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Rated: 18+ · Fiction · Ghost · #2222988
I watched as the coffin of my Great Aunt slipped into the ground. I actually liked the old dear, unlike some of the so called mourners gathered here. Take her daughter, Jenny; hadn't been near the place since Great Uncle Arthur passed. Yet she expected to inherit the family fortune.

Then there was Cousin Julian. He had been fawning around the old lady for years, hoping to pick up the spoils. If only she could hear the things he said behind her back. Aunt Gertrude was no better; every time she visited some small trinket would disappear. As to the rest of those gathered here, money grabbers, the lot of them.

"We will now return to the house for the reading of the will," announced Cousin Mortimer, who was also my Great Aunt's solicitor.

The vultures were gathering. First they demolished the buffet in record time, then they started circling for the kill, each hovering over a favorite piece in the old lady's antique collection.

"If you would please gather in the hall I will begin the reading," Mortimer announced.

‘I, Agnes Maude Caruthers, being of sound mind, do hereby bequeath the following:’

You could see that each had great expectations. Some were rubbing their hands in glee. Then came a loud whirring noise and metal shutters came down over the windows and doors, sealing us into the house. Even Mortimer was taken by surprise.

"What is this?" shouted Jenny.

"This is my revenge," boomed the unmistakable voice of my Great Aunt. The wraith like figure descended the stairs and grabbed the document from Mortimer's hand.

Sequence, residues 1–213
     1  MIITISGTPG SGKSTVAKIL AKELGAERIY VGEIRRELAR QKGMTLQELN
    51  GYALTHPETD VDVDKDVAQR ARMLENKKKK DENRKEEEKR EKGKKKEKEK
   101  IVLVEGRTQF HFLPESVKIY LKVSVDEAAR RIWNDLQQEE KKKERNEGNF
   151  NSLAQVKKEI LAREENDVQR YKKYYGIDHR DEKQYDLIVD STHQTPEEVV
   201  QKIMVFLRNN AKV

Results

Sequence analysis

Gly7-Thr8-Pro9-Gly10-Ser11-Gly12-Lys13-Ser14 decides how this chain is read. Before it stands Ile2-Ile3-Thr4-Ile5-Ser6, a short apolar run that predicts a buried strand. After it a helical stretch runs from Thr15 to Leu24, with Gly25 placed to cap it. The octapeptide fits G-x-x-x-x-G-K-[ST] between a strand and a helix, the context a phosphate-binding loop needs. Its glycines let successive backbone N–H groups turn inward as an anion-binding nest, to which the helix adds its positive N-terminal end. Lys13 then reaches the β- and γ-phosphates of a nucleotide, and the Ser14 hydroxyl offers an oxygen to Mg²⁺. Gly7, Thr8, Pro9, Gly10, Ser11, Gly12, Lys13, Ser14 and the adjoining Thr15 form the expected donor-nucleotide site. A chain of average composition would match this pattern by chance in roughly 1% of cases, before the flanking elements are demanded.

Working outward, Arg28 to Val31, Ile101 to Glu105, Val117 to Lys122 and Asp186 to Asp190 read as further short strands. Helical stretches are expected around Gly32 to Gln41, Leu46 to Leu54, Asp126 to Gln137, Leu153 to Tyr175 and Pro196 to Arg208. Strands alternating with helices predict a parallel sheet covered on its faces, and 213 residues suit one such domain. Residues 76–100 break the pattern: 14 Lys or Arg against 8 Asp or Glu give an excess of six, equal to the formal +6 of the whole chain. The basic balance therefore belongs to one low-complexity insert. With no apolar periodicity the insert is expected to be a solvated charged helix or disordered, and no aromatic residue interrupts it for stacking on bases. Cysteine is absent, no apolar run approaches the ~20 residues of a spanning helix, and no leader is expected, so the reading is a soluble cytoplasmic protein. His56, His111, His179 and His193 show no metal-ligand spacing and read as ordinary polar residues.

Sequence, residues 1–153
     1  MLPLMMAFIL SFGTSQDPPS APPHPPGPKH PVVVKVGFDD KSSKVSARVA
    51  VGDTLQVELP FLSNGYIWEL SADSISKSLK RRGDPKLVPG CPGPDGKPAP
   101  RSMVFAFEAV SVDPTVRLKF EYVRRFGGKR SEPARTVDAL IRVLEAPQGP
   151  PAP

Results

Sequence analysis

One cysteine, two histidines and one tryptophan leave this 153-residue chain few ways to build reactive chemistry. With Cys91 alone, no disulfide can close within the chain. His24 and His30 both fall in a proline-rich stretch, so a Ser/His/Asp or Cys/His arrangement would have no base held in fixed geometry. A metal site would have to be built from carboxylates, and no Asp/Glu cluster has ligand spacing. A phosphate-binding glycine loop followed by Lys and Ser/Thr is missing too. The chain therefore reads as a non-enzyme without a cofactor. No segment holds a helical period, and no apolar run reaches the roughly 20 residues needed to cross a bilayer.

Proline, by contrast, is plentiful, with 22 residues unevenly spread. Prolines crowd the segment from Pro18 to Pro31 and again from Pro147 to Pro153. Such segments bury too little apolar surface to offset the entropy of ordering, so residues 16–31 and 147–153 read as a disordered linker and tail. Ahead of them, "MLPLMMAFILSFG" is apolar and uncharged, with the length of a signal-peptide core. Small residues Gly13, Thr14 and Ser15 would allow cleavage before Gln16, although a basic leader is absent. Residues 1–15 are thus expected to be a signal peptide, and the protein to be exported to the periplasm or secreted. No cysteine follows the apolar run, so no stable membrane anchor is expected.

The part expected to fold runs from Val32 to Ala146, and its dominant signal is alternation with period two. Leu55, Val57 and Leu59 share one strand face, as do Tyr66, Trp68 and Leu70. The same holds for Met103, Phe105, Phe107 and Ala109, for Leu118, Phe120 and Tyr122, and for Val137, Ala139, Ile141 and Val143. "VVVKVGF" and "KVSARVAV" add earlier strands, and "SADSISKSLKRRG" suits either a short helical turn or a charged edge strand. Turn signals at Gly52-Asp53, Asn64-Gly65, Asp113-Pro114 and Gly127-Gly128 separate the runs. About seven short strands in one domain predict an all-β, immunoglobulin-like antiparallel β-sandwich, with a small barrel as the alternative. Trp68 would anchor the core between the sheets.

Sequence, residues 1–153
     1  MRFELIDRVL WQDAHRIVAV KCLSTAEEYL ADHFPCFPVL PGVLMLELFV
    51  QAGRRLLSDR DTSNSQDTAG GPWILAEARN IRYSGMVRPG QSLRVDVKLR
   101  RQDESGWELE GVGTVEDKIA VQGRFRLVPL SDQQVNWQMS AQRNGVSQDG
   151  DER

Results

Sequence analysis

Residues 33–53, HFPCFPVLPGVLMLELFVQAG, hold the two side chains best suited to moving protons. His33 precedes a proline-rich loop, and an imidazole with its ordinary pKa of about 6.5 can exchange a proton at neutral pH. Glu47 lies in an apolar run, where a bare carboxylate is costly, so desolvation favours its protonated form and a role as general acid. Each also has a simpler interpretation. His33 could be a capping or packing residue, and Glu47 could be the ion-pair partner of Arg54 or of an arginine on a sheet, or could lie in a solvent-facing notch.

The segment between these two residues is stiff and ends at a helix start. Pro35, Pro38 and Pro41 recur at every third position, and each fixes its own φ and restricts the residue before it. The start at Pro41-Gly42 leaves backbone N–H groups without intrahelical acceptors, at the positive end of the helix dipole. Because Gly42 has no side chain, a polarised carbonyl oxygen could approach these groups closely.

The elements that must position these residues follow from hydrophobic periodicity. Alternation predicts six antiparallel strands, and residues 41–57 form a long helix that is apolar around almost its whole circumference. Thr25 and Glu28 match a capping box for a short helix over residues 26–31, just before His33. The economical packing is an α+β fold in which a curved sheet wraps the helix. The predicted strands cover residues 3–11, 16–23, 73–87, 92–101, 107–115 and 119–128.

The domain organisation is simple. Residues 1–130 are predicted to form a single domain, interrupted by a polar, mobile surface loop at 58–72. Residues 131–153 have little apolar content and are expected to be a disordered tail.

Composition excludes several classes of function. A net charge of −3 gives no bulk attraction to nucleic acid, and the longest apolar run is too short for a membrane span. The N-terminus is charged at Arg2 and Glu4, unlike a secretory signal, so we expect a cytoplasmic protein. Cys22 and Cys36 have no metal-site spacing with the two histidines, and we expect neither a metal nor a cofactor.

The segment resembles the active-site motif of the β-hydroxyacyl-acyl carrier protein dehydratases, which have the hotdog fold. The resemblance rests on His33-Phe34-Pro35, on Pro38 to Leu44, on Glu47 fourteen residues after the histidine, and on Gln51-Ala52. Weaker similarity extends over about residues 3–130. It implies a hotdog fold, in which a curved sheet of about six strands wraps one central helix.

‘To my niece Constance, I leave the Ming vase she has so admired over the years.’{/quote

The vase began to float, then it flew at Constance's head, killing her instantly. Everyone, except me, rushed to the front door and tried to get through the metal shutter.

"You're wasting your time," boomed Agnes' ghost, "Now, if I might continue."

‘To my nephew Julian, I leave the grand piano he so loved playing.’

The piano started rolling toward its victim. Julian tried to dodge it but it followed and eventually pinned him to the wall, where he was crushed to death. Some tried to make it up the stairs, but the stairs flattened into a slide and they tumbled down again.

"If you've quite finished," boomed Agnes' ghost.

‘To my sister Gertrude I leave the Indian dagger, the one piece she hasn't removed from the spare bedroom.’

The dagger flew. Gertrude, somewhat unsteady on her feet, didn't stand a chance.

‘To my nephew Mortimer, an avid reader, I leave my bookcase and its entire contents.’

The bookcase fell on top of Mortimer, killing him instantly.

‘To my daughter Jennifer, who loved this house so much she never wanted to leave …’

A pillar of concrete began to grow around Jenny's feet, her legs, her body, and as she screamed, her head, then it continued to the ceiling.

‘To my great nephew Joe, my last surviving relative, and the only one who actually cared about me, I leave my entire estate.’

With that, the shutters opened, the dead bodies faded away; all except Jenny, of course. She would stand there forever in her column.

"I love you, Joe," she said, then she too faded away.

547 words
© Copyright 2020 Odessa Molinari smiling (omstar at Writing.Com). All rights reserved.
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Printed from https://www.writing.com/main/view_item/item_id/2222988-Thy-Will-Be-Done